The successes of March 14th, not only in Oregon, but across the nation have built momentum for this Saturday’s March for Our Lives events held across the state from Burns to Coos Bay, Pendleton to Roseburg! Students are continuing to organize up to April 20th, the 20th anniversary of the Columbine shooting. Upon the announcement of these walkouts, youth organizers were faced with skepticism, ridicule, and outright aggression. These brilliant and courageous students did not let the claims that they are too young to understand what they are doing stop them. They have spoken with clarity about the conditions they face daily, demonstrated their commitment to each other, and to the students of the future through their unwavering conviction and actions. Let’s all take a lesson from their playbook!
Meet some of these powerful young organizers at this year’s Rural Caucus & Strategy Session on May 19th in The Dalles! Student and youth organizers from across the state will come together to strategize with each other and with rural organizers, activists, and community leaders across generations. Check out the roundup of actions from across the state below! Are we missing your community? Please email email@example.com with the story and photos, and we’ll update the list!
Rural & Small Town Oregon Student Walkouts – March 14th, 2018
About 20 students participated from Pine Eagle Charter School
Dozens of students at Marshfield High School walked out and a dozen students walked out at North Bend High School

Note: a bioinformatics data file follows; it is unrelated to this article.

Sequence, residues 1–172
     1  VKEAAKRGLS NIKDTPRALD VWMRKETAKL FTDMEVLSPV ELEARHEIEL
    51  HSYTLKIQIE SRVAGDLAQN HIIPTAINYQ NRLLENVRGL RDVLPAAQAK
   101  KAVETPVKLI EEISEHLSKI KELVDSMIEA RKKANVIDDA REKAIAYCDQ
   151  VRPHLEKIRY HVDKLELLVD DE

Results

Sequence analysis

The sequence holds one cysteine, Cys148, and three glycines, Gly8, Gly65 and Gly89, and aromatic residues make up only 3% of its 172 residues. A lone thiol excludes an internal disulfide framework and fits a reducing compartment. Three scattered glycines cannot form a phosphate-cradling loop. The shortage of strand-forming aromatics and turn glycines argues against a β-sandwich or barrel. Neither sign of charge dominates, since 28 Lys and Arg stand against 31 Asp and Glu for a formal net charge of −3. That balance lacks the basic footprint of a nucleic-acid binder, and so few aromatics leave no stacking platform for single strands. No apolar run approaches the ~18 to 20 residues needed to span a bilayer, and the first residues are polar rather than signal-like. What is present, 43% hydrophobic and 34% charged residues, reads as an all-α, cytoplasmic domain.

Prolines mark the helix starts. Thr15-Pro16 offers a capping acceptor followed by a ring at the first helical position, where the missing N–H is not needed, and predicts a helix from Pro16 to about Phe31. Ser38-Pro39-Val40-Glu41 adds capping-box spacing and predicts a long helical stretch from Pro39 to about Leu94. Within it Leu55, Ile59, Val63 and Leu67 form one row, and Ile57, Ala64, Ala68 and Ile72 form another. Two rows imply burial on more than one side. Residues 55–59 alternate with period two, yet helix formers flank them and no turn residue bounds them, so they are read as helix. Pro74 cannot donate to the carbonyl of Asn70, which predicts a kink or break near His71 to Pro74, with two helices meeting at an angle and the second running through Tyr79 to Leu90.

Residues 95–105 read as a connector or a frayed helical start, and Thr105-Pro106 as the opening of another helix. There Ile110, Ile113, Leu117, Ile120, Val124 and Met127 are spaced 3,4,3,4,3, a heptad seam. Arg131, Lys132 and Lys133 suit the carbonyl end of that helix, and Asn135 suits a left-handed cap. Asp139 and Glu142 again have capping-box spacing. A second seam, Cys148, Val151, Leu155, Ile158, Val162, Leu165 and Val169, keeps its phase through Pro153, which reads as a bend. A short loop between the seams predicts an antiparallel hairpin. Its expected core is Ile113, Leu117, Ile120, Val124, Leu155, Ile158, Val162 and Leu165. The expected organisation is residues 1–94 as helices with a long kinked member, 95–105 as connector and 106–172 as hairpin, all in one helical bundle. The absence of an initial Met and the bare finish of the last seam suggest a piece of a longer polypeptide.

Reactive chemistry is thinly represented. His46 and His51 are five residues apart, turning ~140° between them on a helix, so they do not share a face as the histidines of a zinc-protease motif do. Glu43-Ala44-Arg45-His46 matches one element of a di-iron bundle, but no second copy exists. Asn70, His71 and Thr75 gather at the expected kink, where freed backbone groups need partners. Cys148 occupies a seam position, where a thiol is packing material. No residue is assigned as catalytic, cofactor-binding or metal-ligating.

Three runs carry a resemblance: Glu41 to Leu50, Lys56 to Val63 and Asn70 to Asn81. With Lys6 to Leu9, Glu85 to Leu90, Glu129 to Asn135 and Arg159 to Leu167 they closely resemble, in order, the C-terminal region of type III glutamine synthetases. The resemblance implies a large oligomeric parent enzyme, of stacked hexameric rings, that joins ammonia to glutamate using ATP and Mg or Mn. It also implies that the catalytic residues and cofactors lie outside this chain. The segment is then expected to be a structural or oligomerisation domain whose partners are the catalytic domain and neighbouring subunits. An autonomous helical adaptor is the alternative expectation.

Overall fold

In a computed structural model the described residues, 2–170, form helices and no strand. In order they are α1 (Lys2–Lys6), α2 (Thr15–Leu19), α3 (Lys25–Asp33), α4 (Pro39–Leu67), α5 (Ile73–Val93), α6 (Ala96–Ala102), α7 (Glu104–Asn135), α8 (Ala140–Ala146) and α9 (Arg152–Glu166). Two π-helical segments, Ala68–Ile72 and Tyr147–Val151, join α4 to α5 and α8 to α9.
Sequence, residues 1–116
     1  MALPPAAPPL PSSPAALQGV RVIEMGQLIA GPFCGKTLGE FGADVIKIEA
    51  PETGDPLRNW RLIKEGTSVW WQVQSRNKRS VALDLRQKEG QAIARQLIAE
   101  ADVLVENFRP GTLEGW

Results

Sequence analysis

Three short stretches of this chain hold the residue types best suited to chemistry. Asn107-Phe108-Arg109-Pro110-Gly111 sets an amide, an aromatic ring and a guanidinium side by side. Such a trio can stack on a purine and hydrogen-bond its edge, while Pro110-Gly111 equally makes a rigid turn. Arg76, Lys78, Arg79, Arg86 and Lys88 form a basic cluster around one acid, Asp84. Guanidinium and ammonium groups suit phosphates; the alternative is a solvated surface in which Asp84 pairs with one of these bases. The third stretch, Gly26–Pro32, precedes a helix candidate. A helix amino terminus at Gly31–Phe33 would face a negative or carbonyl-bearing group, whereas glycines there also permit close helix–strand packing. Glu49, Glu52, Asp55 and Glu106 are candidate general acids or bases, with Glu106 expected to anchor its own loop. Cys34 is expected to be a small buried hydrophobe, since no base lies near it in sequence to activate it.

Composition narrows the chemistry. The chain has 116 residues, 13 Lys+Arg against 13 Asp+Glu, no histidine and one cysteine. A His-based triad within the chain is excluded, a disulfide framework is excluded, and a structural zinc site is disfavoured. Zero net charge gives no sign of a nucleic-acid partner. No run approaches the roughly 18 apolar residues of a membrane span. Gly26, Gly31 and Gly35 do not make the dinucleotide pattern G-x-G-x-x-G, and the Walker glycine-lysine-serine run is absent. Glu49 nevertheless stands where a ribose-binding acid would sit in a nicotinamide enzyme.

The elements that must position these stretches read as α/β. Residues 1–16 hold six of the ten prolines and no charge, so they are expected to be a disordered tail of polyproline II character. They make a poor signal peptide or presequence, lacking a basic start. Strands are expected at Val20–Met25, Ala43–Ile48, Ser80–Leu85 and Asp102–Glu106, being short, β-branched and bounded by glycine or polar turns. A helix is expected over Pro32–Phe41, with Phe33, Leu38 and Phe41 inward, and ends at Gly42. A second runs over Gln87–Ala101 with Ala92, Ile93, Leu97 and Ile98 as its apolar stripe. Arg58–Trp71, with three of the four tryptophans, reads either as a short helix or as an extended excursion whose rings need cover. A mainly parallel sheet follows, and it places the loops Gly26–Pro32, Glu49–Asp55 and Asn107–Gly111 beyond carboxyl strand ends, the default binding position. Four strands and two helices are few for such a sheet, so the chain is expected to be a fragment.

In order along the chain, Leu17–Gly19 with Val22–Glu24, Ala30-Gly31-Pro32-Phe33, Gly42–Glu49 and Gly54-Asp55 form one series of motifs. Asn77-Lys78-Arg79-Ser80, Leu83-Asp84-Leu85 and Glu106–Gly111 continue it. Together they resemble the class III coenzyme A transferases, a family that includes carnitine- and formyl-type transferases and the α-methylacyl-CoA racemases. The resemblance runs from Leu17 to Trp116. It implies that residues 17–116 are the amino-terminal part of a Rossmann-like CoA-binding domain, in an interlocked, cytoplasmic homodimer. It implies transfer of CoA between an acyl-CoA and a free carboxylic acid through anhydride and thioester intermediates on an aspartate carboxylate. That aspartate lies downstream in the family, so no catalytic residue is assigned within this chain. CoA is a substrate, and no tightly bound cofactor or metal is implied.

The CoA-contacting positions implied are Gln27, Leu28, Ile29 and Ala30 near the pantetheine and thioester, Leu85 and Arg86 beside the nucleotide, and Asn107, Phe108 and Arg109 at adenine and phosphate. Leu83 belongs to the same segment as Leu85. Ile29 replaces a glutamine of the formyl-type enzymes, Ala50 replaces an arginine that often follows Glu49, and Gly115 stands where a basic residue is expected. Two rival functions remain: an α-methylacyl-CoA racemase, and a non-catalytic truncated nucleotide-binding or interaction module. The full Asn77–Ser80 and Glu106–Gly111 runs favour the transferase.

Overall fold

23 students walked out at Crook County High School. Students also walked out at Prineville Middle School.
Hundreds walked out in schools across the Bend-La Pine School District, including Bend, Summit, and Mountain View High Schools, Pilot Butte and Cascade Middle Schools. Students at Highland Magnet at Kenwood School in Bend walked to Drake Park and dropped white roses off the bridge over the Deschutes River to memorialize the 17 Parkland victims.
12 students walked out at South Umpqua High, and when the principal interrupted the 17 minutes of silence to have them sign in, they signed the names of the Florida victims. They were given a weeks detention for the act and on the way back into the school other teens yelled and cussed at them and their verbal abuse went undisciplined.
Dozens of Roseburg High School students left their classrooms at 10 a.m. and stood in an outdoor courtyard for 17 minutes, a tribute to the 17 students who were killed in a school shooting one month ago in Parkland, Florida. Six students walked out to Harvard Avenue in front of the school. There they stood in a circle, held hands, bowed their heads, closed their eyes and stood quietly for several minutes.
Hood River County
40 students walked out at Madras High School
25 students walked out at Culver High School
In Klamath County, assemblies were held at two different high schools, and over 50 students and Ponderosa Middle School in Klamath Falls walked out. Middle school students risked tardy slips and lunchtime detention for walking out.
Students in Lakeview with their Superintendent:
200 students walked out at Lebanon High School and dozens of students at West Albany High School walked out
Thousands walked out across the Salem-Keizer School District. Students walked out at Woodburn High School. Gervais High School students observed a moment of silence.
Dallas High School students walked out, despite counter-protesters
Students from Echo High School walked out and held a moment of silence
Students at The Dalles High School and Columbia Gorge Community College walked out.
A couple hundred students at McMinnville High School and Willamina High School walked out despite threats of detention if they didn’t have parental approval.
Are we missing your community? Please email firstname.lastname@example.org with the story and photos, and we’ll update the list!